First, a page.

Changes to Small Claims Cases
If you file a small claims case on or after September 1, 2010, you must file the case in a justice court. The only exception is if there is no justice court in the jurisdiction; at the present time, this is only in Cache County.
So now that you know you have to file your case in a justice court, how do you know which one? There are two main rules to remember: you can file where the defendant resides or where the cause of action arose. For example, if the defendant resides in Salt Lake City and the cause of action (ex. car accident, non-payment of rent, etc.) arose in West Valley, you can file your case in Salt Lake City justice court or West Valley justice court. You cannot, however, file the case in Salt Lake County justice court because a city justice court is available to adjudicate the case.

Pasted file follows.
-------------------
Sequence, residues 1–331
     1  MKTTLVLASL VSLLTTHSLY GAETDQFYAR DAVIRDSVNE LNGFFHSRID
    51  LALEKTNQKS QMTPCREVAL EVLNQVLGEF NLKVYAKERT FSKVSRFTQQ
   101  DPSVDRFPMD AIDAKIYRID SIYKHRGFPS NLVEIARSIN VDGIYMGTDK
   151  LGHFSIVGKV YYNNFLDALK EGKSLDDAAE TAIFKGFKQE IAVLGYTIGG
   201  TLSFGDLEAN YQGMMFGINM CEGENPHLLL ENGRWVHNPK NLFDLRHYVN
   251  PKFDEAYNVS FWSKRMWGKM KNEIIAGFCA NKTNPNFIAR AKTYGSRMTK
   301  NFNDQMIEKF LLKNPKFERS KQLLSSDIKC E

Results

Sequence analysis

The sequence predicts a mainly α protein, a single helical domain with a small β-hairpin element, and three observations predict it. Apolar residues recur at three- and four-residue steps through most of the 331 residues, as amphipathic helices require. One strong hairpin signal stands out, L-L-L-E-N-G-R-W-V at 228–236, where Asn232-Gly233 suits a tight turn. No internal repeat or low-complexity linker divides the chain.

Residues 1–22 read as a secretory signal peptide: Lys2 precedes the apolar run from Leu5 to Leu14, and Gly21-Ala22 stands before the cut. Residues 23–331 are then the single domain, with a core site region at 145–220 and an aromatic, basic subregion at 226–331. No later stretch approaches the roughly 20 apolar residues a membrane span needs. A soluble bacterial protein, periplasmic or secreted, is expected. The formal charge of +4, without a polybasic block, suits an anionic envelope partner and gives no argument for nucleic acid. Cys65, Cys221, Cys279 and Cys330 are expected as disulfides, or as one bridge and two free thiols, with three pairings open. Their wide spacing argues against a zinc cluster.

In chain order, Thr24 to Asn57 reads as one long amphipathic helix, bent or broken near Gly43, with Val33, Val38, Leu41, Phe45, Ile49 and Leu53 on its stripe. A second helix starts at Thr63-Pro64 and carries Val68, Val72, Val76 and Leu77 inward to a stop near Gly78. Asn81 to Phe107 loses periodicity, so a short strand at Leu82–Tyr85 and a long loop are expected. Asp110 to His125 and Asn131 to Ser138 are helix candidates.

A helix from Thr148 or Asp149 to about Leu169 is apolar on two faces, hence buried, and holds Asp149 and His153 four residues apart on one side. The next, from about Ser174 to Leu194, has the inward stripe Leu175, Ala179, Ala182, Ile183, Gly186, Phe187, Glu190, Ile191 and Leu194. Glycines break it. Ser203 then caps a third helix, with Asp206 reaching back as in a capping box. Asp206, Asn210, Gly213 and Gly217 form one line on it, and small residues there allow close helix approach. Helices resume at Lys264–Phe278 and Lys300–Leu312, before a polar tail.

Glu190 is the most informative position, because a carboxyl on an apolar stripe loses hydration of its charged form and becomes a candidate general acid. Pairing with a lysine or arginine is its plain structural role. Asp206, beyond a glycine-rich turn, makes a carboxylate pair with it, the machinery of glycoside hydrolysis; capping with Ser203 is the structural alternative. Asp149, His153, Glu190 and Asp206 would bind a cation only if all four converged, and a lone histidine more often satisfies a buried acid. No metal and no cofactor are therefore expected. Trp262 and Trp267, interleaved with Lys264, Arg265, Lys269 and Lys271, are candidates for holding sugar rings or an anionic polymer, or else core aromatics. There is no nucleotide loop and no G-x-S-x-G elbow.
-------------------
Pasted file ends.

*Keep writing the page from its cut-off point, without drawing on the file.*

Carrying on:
Here's a few other examples: if the defendant resides in Hurricane and the cause of action arose in Hurricane, you have to file in Hurricane City justice court. You don't have any other options. The same is true if the defendant resides in unincorporated Salt Lake County and that's where the cause of action arose. You must file in Salt Lake County justice court. If you are having trouble figuring out where to file, remember you can always file where the defendant resides. That may be easier than figuring out where the cause of action arose.
The new rule is codified in the Code of Judicial Administration Rule 4-801. Effective September 1, 2010, the new rule states:
"Small claims actions shall be filed in a justice court with territorial jurisdiction. If there is no justice court with territorial jurisdiction, the case may be filed in the district court, and the plaintiff shall state why no justice court has jurisdiction. If a small claims affidavit, without the required statement, is presented for filing in a district court, the clerk should reject it with instructions to file in a justice court with jurisdiction. If the clerk fails to reject it initially, the affidavit and filing fee shall be returned to the plaintiff when the deficiency is first noticed."